Pollination syndromes in the 21st century: where do we stand and where may we go?

Publications: Contribution to journalArticlePeer Reviewed

Abstract

Summary Pollination syndromes, recurring suites of floral traits appearing in connection with specific functional pollinator groups, have served for decades to organise floral diversity under a functional?ecological perspective. Some potential caveats, such as over-simplification of complex plant?animal interactions or lack of empirical observations, have been identified and discussed in recent years. Which of these caveats do indeed cause problems, which have been solved and where do future possibilities lie? I address these questions in a review of the pollination-syndrome literature of 2010 to 2019. I show that the majority of studies was based on detailed empirical pollinator observations and could reliably predict pollinators based on a few floral traits such as colour, shape or reward. Some traits (i.e. colour) were less reliable in predicting pollinators than others (i.e. reward, corolla width), however. I stress that future studies should consider floral traits beyond those traditionally recorded to expand our understanding of mechanisms of floral evolution. I discuss statistical methods suitable for objectively analysing the interplay of system-specific evolutionary constraints, pollinator-mediated selection and adaptive trade-offs at microecological and macroecological scales. I exemplify my arguments on an empirical dataset of floral traits of a neotropical plant radiation in the family Melastomataceae.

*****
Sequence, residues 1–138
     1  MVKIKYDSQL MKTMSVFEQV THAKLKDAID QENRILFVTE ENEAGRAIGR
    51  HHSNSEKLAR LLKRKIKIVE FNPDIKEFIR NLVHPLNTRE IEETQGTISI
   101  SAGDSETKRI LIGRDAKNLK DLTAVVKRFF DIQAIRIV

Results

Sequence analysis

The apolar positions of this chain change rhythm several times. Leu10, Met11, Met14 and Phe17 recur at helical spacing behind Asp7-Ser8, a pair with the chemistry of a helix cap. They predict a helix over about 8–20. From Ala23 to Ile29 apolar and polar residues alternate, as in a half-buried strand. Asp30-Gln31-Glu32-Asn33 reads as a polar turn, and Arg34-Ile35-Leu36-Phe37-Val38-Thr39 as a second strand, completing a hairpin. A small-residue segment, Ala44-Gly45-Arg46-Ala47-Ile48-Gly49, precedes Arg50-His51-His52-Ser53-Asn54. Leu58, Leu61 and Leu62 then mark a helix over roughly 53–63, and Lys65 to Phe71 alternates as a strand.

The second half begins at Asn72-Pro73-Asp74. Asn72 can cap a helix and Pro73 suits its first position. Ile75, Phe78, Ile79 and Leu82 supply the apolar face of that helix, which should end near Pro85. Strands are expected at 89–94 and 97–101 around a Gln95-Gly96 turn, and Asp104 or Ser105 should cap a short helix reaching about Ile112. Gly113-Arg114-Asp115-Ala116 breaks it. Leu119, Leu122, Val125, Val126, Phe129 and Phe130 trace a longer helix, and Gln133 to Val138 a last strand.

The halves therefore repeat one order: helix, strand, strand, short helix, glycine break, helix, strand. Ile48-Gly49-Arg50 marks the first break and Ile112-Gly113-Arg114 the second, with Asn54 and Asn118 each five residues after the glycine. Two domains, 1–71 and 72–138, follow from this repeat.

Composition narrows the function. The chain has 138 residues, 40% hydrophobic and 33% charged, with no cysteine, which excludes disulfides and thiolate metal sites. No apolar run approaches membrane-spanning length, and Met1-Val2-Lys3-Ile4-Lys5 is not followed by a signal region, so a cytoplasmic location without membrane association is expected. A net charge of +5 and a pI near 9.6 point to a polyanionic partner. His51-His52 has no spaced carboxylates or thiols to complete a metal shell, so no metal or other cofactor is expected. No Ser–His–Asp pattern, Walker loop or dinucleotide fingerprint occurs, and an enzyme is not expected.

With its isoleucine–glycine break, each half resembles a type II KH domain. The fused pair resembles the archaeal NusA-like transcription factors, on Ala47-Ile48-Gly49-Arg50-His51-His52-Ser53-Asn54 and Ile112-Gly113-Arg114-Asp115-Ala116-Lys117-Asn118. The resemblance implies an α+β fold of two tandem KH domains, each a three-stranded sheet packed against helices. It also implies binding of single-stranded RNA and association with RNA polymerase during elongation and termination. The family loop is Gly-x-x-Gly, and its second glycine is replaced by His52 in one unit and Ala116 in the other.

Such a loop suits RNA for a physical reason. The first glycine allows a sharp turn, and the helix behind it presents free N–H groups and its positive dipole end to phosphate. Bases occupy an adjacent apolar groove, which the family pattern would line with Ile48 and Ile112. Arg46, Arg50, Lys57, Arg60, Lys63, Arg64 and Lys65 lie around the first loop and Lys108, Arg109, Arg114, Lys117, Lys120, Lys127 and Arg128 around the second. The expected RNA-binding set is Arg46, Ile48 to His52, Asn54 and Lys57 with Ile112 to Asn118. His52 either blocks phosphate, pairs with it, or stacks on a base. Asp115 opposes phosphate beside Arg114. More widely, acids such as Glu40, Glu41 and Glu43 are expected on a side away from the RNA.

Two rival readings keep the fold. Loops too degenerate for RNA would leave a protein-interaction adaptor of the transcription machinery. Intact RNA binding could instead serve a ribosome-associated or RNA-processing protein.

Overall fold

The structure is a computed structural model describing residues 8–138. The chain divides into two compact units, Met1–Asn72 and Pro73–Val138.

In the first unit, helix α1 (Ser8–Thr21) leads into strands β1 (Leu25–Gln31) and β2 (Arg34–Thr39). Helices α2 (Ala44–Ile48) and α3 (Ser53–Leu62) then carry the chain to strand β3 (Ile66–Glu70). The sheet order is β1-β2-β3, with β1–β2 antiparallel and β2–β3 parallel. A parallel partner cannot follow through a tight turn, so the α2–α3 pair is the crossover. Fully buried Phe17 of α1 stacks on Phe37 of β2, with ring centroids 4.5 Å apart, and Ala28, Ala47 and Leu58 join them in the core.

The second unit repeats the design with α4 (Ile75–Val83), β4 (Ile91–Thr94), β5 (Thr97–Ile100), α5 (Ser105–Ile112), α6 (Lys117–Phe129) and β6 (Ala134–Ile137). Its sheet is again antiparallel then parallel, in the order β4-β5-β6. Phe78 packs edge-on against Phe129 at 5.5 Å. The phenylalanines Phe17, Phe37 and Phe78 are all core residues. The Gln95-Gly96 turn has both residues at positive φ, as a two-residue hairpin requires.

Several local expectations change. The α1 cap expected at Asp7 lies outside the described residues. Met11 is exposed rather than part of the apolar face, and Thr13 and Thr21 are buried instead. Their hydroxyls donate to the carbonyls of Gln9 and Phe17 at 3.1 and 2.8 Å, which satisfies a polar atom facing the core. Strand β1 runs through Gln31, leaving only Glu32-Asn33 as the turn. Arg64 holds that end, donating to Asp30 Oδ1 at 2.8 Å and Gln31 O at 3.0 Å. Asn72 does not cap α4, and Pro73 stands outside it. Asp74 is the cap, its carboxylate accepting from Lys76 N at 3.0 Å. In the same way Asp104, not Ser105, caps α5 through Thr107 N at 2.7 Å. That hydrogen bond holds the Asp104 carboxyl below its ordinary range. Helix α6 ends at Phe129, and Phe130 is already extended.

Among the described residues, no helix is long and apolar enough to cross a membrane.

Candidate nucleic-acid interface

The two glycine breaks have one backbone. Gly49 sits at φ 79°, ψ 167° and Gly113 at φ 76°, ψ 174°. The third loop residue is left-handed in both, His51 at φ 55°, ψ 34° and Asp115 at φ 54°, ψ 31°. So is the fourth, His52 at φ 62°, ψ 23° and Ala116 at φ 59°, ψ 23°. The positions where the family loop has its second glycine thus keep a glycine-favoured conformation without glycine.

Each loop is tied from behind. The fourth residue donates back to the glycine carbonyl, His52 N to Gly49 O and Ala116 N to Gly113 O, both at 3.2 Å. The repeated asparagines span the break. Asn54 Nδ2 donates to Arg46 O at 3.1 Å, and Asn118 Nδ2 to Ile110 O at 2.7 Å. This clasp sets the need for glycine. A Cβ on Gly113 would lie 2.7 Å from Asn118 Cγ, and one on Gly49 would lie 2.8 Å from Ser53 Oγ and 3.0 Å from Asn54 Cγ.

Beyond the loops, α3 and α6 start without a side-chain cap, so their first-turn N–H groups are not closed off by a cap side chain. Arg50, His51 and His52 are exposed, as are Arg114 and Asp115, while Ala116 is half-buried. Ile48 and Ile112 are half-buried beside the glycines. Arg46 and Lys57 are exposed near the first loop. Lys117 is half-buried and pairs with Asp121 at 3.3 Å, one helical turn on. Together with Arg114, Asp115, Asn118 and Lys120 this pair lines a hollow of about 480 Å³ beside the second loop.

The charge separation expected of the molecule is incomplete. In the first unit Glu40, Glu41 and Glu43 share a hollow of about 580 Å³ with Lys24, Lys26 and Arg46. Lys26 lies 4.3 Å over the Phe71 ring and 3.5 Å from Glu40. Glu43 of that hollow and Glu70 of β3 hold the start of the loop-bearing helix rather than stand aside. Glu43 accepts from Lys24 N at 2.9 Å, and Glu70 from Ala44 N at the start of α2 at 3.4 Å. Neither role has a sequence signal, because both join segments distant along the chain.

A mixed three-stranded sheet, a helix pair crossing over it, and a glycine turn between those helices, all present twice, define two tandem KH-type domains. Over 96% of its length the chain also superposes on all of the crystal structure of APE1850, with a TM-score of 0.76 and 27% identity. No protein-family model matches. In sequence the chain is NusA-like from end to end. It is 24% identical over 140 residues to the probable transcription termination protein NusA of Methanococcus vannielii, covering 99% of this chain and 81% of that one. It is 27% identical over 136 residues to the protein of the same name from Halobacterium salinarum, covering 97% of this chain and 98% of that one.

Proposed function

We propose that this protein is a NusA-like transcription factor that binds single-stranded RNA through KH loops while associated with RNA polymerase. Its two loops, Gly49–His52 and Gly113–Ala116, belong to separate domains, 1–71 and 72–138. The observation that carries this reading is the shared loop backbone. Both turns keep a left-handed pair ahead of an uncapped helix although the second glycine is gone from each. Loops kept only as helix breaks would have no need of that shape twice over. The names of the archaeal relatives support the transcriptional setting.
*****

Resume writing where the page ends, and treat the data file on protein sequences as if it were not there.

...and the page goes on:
Original languageEnglish
Pages (from-to)1193-1213
Number of pages21
JournalNew Phytologist
Volume228
Issue number4
DOIs
Publication statusPublished - Nov 2020

Austrian Fields of Science 2012

  • 106008 Botany
  • 106012 Evolutionary research
  • 106042 Systematic botany

Keywords

  • flower evolution
  • functional pollinator group
  • multivariate statistics
  • phylogenetic comparative methods
  • pollinator shift
  • COROLLA
  • HUMMINGBIRD POLLINATION
  • TRANSITION
  • EVOLUTION
  • FLORAL TRAITS
  • POLLEN TRANSFER
  • SYSTEMS
  • FLOWER
  • SPECIALIZATION
  • MORPHOLOGY

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